95 High Street (extreme left) before there was an estate agency at the premises. Image courtesy of Bourne Hall Museum
The Longley name was a High Street presence in Epsom for more than 70 years and descendants of Henry Banks Longley still own property in the town today.
The Longleys had been involved with Yorkshire bricks and mortar for centuries, working their way up the ladder from bricklayers to builders and then an architect. Henry's father, William (1839-1904), the architect, was of particular note, since some of the designs he produced with his partner, Samuel Jackson, are still standing. Others, such as the Prince's Theatre and Star Music Hall in Bradford have long been demolished. Saltaire Primary School, which is still in operation, dates back to the 1870s and is just one of the buildings to see in the Victorian textile village of Saltaire, which is now a UNESCO World Heritage Site. The picture below shows what was the Victoria Works in Shipley. When built in the 1870s it was a huge textile mill and warehouse and is currently apartments.
Henry was born in Bradford in 1870, the first child of William the architect and his wife Emma (nee Banks). He was educated at Clarendon Academy, Bradford and then served articles with his father from 1885-90. In 1891 he became Chief Assistant to the Mining and Consulting Engineer at Darwen (near Blackburn) and in 1896 he beat 79 other candidates to be appointed architectural assistant to Burton-upon-Trent. He next went to the Borough Engineer's Department in Coventry and in 1899 was made engineer and surveyor to the Moss Side Urban District Council in Manchester; by now he was a Member of the Institute of Mechanical Engineers and a qualified Chartered Surveyor. Projects he worked on during his engineering career included heating and ventilation of public buildings, laying electric tramways and a scheme for a refuse destructor. In 1905 he was appointed surveyor for the eastern district of Manchester.
Unfortunately, I do not know why Henry decided to leave the public sector and enter private practice in Epsom (perhaps he wanted to be in business for himself and thought that Surrey offered better opportunities) but, before we leave the north we must gather up Mrs Longley for the journey. She was Ada Bertha Beet, born in Darwen in 1873, and Darwen may well be where the couple met; they were married there on 8 September 1898. Ada was the daughter of Edwin Charles Beet and Catherine (nee Smith) and was musically talented. At the age of 14 she passed a junior examination in 'playing the pianoforte', held in Manchester by the Royal Academy of Music, and she sang as a contralto in amateur opera. Edwin Beet was nominally a 'music seller' but actually he made and sold pianos, which must have been profitable, since he left effects of £10,392 (around £1 million in today's money) on his death in 1912. Ada's brother, Fritz, was also a pianist.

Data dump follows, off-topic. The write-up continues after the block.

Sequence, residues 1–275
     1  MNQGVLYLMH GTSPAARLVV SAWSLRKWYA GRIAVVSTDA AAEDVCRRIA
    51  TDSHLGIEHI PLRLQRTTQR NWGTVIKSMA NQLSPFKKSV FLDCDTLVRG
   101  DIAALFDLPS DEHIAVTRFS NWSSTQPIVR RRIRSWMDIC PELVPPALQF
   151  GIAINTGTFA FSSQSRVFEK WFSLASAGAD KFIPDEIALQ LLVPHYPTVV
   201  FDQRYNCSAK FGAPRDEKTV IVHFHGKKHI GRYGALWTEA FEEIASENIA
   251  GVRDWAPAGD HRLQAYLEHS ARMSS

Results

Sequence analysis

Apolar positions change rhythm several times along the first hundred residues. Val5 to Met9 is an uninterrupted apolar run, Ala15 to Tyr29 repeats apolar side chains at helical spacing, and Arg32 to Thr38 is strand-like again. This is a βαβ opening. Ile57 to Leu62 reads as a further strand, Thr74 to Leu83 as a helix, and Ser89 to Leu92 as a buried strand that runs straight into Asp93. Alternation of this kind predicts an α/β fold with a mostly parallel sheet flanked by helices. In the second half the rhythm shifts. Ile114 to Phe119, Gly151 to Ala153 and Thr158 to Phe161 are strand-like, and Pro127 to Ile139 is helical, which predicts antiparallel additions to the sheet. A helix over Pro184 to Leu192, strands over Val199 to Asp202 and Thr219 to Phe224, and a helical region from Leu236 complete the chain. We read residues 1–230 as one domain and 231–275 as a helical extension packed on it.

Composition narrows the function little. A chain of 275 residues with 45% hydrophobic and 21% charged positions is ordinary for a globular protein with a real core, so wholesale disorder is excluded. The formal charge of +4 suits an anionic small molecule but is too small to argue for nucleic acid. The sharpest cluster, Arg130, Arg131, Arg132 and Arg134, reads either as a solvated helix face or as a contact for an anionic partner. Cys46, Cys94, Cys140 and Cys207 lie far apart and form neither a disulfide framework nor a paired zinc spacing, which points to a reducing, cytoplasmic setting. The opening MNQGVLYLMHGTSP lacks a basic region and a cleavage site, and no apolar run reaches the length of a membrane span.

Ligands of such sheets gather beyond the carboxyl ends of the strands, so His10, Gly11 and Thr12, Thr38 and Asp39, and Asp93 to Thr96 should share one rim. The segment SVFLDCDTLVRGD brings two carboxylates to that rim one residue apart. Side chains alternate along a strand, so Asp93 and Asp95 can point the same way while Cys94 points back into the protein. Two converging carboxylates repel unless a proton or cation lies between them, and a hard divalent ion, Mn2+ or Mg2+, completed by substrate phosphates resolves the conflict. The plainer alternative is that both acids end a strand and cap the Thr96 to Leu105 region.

So, Henry and Ada came to Epsom around 1910 and brought with them their two surviving children (one had died in infancy), Kathleen (6) and Leslie Beet (2), both born in Manchester. Initially they lived at Quinta, a nine-roomed house in College Road.
Alfred Edward Morris was born in Plumstead in 1874, son of a grazier (cattle farmer). He had lived in Woking prior to setting up business in Epsom and in 1911 was living at The Nook, Ashley Road. The next two photos show how his business at 95 High Street, next door to the White Hart Hotel, looked just before Henry Longley became a partner.
There is a little more about Mr Morris in Epsom Businesses 1911. The photo below depicts 95 High Street now bearing the name of Morris & Longley, which partnership subsisted until Mr Morris retired in 1920, at which point it appears that Henry purchased the freehold of 93 High Street from Brandon's Putney Brewery Ltd - in that year Brandon's was taken over by Mann, Crossman and Paulin Ltd, which later merged with Watney.
We do not know exactly when Eustace Broadhead went into partnership with Henry, but he was certainly in Epsom district by 1922, when he married Doris Louise Beaumont (1893-1976); he was born in 1891 in Stocksbridge, Yorkshire (near Sheffield), son of a pork butcher. In 1911 he could be found as an auctioneer's clerk in Harrogate. It is thought that he operated out of the Sutton branch of Longley & Broadhead.